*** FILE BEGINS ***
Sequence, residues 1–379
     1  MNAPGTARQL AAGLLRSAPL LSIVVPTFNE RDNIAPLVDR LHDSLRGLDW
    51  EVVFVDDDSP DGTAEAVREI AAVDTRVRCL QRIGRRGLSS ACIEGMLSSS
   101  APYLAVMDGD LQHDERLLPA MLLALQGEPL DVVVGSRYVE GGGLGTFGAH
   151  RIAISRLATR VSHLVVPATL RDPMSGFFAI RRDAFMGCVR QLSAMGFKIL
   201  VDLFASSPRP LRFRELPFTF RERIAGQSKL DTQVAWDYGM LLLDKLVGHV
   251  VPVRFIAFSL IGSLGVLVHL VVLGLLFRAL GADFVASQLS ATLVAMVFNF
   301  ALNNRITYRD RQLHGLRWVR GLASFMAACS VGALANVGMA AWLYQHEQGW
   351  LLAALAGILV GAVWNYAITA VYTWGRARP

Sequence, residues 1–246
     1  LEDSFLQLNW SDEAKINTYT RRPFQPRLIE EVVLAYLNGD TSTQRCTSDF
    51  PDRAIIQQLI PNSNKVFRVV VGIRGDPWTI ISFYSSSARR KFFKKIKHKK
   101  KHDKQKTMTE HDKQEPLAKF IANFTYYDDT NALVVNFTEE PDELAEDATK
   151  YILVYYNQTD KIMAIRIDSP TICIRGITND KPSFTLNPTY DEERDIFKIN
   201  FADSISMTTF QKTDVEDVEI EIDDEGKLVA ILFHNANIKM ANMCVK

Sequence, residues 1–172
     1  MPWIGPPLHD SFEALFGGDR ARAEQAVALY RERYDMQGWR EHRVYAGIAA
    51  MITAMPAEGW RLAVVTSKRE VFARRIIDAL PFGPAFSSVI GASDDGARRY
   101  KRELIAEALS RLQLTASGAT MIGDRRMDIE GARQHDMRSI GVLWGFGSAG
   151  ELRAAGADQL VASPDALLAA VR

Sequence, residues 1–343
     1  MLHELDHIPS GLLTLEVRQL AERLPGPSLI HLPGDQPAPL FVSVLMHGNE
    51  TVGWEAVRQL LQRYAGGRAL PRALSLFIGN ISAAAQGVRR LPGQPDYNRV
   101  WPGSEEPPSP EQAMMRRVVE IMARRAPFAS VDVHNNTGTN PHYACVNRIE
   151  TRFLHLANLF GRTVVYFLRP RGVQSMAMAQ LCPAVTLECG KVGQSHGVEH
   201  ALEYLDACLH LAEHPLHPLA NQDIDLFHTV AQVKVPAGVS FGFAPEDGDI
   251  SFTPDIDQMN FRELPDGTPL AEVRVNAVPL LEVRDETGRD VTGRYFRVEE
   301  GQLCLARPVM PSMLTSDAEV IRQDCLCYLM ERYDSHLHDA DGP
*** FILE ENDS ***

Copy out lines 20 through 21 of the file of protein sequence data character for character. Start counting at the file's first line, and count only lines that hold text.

   151  ELRAAGADQL VASPDALLAA VR

Sequence, residues 1–343